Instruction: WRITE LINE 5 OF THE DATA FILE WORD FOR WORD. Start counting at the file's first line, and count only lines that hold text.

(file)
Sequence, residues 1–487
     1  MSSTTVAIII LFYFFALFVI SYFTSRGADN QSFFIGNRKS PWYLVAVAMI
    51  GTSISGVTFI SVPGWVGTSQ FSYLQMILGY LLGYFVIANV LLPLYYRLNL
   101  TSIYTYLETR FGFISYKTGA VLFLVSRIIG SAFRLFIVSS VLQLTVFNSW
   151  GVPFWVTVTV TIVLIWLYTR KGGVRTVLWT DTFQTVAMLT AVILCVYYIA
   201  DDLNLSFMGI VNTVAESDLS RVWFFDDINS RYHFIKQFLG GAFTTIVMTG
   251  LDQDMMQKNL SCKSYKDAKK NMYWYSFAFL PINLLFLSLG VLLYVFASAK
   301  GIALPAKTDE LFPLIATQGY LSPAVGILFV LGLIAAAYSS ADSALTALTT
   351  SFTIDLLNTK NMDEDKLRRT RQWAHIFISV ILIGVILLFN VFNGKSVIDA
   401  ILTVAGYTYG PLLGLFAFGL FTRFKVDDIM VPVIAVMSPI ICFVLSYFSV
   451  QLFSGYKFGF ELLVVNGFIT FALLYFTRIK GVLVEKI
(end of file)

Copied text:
   151  GVPFWVTVTV TIVLIWLYTR KGGVRTVLWT DTFQTVAMLT AVILCVYYIA